ED, The steps and descriptions below look good to me.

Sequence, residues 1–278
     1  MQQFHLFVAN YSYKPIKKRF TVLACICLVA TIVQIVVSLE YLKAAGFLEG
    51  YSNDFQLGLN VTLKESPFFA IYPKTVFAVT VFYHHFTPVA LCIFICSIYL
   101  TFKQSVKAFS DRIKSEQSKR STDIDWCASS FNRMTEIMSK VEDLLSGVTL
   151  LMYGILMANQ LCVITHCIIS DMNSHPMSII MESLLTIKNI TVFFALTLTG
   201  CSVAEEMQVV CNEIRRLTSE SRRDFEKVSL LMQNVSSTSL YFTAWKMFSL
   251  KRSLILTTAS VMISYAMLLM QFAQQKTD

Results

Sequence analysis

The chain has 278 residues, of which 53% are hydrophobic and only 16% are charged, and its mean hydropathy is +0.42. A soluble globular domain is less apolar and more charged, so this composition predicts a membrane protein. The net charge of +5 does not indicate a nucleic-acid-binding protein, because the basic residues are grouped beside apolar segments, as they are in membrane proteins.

The only eensy-weensy thing I'd add is that although itially these states are associated with sitting, they can be attained and held in other postures, while moving (like washing dishes) and even while thiniking and talking - even though these last two (thinking and talking) seem contradictory to the discriptions/definitions below...Bill! --- In Zen_Forum@yahoogroups.com, "ED" <seacrofter...@...> wrote: > > > > Mel, Bill and All - > > Thank you for your responses. I have a need to be very clear on these > issues. Therefore please consider the following, and tell us whether we > are all on the same wavelength: > > (1) > > One sits in a right posture etc. and starts doing zazen. > > (2) > > At first, one counts breaths, then one's awareness is placed on the > breath without counting and so on. These are calm-abiding concentration > practices, called samatha, which enhance sustained voluntary attention, > and culminate in an attention that can be sustained effortlessly for > hours on end. (See Wikipedia) > > (3) > > Having calmed and stabilized the mind with samatha, one then switches to > shikantaza i.e. resting in a state of brightly alert attention that is > free of thoughts, directed to no object, and attached to no particular > content. (See Wikipedia) > > (4) > > After intense practice of shikantaza over a (long) period of time, on > attains glimses of the experience of no-self, which when authenticated > by a authentic teacher may be referred to as kensho. > > (5) ... > > A salaam aleikum, > > - ED > > > > --- In Zen_Forum@yahoogroups.com, "Bill!" <BillSmart@> wrote: > > > > ED, > > > > In domestic arts (washing dishes/taking out the garbage) shikantaza is > my favoite...Bill! > > > > --- In Zen_Forum@yahoogroups.com <mailto:Zen_Forum@yahoogroups.com> , > "ED" <seacrofter001@> wrote: > > > Hello Mel, > > Hello ED > > > In the martial arts (and in sports), which type of meditation is more > > common > > > > (1) Awareness meditation (vipassana or shikantaza or something else) > > My understanding of 'shikantaza' is just plain zazen. I just sit on a > chair, > keep spine straight, eyes half-closed, and breath normally...and let the > 'clouds' of thought just pass by. Just breath, nothing else > > I don't know the other term > > Everything empty. In a bar-room I was in, the drunken fellow moved and I > moved > with him. We ended up on the ground and I ended up on top. He was > shouting and > abusing..doing a lot of talking. But, I couldn't really hear, or > understand. > But, I could hear noise and see movement. Move in harmony with opponent, > not > against him the way Sumo bouts begin. Open eyes, open ears. I survived. > Pride > wasn't important. Just breath > > > (2) Concentration meditation (samatha or somethhing else) ? > > For my own personal purposes, I don't concentrate on anything...unless > you call > breathing as concentration on breathing itself...which I think > complicates > things more than needed to be > > For my own purposes, I don't really make use of the old and ancient > terms. > Modern English seems far easier for me, but that's just me > > in peace > Mel > ------------------------------------ Current Book Discussion: any Zen book that you recently have read or are reading! Talk about it today!Yahoo! Groups Links <*> To visit your group on the web, go to: http://groups.yahoo.com/group/Zen_Forum/ <*> Your email settings: Individual Email | Traditional <*> To change settings online go to: http://groups.yahoo.com/group/Zen_Forum/join (Yahoo! ID required) <*> To change settings via email: zen_forum-dig...@yahoogroups.com zen_forum-fullfeatu...@yahoogroups.com <*> To unsubscribe from this group, send an email to: zen_forum-unsubscr...@yahoogroups.com <*> Your use of Yahoo! Groups is subject to: http://docs.yahoo.com/info/terms/